The length of Matt Reeves' The Batman was a massive talking point at three hours but it turned out to be a nonissue, I didn't notice how long I was in the cinema for and that's a good thing - the pace moved superbly right the way throughout and immersed me fully in a complete experience that the film has to offer. Part of this is to do with how much it cares about its characters - it's a Batman movie, not a Bruce Wayne one - it addresses the character of Batman rather than Bruce Wayne whilst exploring his relationship with Alfred and what makes that work, just as much as what makes his relationship with Selina Kyle work - she's introduced early on in the film and has a strong presence in Batman's life, but is never stripped of her own agenda and always has a role to play - it's an ensemble and really acts like one. Kravitz has an in-built chemistry with Pattinson that feels completely natural, and his shadowy gaze gives off a haunting look that he's spent much of the 2010s acing in the Twilight franchise - Edward Cullen really was the perfect casting choice for Bruce Wayne. Those who doubted him even after that will be proven wrong and be fast converts, but his great performance will come as no surprise to those who have seen The Lighthouse and High Life. The fact that this film can be romantic at times is also saying something - comic book movies have been so stripped of romance nowadays it's rare to see it crop up at all but The Batman has a burst of effortless charisma to it that means it soars, aided by its sense of shared lonelieness that comes between the two characters.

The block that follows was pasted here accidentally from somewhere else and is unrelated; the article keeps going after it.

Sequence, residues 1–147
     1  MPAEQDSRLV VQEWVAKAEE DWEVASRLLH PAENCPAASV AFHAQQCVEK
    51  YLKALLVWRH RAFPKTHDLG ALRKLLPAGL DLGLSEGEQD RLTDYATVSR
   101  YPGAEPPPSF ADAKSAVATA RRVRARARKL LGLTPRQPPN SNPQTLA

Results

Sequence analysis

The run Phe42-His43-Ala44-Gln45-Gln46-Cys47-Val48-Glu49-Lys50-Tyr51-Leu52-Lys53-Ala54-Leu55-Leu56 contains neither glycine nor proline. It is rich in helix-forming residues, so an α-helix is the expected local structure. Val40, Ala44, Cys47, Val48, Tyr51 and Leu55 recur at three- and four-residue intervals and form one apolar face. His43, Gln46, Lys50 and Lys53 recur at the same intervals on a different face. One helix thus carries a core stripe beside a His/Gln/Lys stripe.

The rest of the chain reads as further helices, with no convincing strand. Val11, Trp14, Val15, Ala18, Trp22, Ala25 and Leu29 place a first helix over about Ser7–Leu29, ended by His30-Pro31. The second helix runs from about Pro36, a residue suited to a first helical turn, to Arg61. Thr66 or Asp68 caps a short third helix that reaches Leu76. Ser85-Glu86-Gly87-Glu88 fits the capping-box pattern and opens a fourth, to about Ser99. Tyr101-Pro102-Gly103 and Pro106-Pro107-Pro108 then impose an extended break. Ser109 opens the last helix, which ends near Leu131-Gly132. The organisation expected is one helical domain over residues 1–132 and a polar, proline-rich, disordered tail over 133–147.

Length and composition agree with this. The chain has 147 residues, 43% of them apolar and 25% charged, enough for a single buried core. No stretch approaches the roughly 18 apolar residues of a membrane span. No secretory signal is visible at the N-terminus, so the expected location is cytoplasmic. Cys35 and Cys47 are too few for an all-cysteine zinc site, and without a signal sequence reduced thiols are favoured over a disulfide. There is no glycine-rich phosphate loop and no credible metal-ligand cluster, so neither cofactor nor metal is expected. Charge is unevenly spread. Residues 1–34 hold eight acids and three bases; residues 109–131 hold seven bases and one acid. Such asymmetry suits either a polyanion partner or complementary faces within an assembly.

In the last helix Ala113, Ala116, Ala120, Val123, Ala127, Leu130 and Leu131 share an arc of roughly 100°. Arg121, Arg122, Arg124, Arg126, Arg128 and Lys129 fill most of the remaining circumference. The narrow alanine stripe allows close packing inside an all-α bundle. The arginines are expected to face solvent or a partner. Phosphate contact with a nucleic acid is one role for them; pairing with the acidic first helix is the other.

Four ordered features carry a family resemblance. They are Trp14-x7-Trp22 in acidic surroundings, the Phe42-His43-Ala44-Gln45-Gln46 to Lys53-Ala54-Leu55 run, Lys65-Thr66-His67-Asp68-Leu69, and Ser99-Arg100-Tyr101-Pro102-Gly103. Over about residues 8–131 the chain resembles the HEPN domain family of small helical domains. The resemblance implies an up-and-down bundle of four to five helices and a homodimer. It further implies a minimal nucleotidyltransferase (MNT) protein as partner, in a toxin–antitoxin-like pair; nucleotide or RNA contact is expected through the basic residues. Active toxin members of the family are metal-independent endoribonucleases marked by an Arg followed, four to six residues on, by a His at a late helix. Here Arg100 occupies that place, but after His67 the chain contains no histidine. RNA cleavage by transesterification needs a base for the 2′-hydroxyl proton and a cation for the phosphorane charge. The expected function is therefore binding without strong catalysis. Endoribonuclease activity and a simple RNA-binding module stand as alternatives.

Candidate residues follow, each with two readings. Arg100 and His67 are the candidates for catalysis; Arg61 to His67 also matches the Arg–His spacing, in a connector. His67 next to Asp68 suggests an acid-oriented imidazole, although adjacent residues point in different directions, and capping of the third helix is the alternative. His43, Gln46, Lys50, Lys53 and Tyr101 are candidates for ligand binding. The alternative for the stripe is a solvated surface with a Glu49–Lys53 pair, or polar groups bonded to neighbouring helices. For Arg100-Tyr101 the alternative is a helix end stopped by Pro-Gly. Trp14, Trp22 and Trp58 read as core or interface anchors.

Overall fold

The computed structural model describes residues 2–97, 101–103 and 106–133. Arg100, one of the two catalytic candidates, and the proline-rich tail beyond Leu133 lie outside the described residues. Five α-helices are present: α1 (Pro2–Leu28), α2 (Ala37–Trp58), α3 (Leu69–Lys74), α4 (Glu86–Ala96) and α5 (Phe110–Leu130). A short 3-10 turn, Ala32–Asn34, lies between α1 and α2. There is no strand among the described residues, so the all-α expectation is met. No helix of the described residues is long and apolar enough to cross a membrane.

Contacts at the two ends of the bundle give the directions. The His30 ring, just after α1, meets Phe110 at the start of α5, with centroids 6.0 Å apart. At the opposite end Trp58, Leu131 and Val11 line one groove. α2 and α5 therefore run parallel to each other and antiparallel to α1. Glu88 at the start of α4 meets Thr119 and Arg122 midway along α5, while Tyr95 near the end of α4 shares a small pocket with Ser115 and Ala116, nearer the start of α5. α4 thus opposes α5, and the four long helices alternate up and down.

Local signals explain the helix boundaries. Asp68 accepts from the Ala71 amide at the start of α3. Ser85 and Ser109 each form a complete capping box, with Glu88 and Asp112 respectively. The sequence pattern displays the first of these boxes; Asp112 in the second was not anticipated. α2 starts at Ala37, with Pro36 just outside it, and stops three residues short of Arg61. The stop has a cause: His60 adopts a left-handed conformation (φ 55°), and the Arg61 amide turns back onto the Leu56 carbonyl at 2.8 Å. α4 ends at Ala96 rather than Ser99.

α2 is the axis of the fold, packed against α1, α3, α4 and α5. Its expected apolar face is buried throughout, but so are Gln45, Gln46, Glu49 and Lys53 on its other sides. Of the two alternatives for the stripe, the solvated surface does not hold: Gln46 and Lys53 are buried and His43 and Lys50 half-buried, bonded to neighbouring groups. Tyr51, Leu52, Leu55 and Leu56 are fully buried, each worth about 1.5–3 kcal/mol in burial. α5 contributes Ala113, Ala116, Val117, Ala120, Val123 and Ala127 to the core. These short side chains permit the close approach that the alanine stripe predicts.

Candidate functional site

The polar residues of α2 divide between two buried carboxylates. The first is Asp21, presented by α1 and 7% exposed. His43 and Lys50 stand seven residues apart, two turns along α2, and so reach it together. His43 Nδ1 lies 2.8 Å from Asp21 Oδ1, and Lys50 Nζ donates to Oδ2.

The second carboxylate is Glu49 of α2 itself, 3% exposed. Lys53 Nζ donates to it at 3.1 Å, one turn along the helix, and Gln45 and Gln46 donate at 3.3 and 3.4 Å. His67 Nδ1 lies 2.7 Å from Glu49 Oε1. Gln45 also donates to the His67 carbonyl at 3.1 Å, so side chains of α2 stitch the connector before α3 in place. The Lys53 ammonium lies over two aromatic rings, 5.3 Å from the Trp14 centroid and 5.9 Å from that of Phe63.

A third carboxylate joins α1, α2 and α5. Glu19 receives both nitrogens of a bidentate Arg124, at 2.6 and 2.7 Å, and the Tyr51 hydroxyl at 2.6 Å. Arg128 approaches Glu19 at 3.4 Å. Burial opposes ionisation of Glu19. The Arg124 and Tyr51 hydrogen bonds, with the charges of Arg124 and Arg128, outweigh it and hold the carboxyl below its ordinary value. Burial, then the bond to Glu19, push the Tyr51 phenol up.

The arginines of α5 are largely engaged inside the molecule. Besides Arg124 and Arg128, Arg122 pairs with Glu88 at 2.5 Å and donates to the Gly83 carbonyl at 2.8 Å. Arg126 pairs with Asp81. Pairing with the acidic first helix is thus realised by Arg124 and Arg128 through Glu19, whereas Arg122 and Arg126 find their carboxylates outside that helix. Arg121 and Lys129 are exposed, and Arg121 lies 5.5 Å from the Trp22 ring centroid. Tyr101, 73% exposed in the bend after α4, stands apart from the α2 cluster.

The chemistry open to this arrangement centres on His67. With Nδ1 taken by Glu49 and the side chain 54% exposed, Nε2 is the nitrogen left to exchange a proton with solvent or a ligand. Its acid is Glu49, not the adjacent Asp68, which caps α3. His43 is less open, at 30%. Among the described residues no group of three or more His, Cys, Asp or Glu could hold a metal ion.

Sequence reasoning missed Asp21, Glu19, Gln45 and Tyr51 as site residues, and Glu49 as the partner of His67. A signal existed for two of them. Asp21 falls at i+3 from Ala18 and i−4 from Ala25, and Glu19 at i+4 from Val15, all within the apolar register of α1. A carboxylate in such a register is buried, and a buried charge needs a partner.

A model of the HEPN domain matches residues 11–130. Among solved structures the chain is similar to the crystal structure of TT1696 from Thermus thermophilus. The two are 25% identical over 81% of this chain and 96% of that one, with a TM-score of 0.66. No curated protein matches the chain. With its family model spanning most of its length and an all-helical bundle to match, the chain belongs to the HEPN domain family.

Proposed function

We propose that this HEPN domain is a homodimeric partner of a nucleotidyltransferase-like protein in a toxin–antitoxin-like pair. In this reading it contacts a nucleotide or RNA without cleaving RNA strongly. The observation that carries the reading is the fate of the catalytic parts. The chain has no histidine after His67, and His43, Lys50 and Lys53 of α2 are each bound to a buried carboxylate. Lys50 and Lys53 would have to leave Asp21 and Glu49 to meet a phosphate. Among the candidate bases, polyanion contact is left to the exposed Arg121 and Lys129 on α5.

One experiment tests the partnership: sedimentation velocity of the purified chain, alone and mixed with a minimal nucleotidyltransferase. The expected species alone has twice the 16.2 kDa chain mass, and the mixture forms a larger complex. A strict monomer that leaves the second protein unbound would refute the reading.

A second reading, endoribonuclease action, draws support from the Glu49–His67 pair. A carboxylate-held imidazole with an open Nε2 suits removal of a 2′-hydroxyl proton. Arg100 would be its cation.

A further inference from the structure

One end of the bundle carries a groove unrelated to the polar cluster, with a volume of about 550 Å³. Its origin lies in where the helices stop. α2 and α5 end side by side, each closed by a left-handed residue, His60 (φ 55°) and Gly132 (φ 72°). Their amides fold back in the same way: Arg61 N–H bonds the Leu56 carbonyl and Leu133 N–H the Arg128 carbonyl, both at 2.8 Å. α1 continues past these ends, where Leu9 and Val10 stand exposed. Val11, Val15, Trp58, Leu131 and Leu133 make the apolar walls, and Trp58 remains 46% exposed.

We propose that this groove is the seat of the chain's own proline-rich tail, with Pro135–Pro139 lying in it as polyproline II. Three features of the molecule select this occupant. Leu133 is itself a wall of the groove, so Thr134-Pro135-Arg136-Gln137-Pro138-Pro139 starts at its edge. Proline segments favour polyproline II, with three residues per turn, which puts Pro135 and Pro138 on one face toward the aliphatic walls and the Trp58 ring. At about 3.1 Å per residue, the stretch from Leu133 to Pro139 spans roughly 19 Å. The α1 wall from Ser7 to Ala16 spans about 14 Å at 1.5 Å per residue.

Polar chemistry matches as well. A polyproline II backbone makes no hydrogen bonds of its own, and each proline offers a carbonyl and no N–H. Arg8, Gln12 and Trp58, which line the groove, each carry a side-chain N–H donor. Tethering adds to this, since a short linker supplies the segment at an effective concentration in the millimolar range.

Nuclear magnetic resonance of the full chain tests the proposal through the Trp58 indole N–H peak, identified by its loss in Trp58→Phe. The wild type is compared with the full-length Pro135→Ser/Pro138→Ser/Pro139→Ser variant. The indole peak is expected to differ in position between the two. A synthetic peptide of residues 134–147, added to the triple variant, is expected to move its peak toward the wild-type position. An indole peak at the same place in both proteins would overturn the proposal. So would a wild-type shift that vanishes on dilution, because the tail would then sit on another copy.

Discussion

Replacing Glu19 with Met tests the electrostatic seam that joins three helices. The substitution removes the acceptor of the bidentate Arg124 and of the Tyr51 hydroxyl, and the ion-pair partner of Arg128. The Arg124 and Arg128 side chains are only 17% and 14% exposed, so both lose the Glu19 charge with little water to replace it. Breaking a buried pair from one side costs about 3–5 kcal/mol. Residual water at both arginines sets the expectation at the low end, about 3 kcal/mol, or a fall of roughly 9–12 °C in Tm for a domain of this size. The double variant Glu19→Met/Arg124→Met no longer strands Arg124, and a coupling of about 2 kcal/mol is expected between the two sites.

The villains are superb and are among the main draw - Colin Farrell is transformative as usual - on the back of a spine-chilling performance in The North Water he plays something more old-school mob boss here, but his interactions with Batman and Gordon are great in particular - he's a real joy to have around. Paul Dano's Riddler feels like a Joker stand-in at times rather than an actual Riddler but makes his quiet, smart and clever persona work for him well - committed to his cause right the way through.

That said - There's maybe one scene in this film that I groaned at, and was arguably enough just to lower my rating of it a bit as it was doing so well up to that point - its nature of sequel-bait feels entirely like a case of been there, done that - in fact, the finale at times can feel underwhelming compared to what has come before, but I still mostly vibed with it on a thematic link - it goes for the humanistic approach over the grand, showy structure of say, The Dark Knight Rises - and whilst it means that it can never truly rival Reeves' Apes franchise installments, it feels like one of the best movies to come out of the genre in a long time.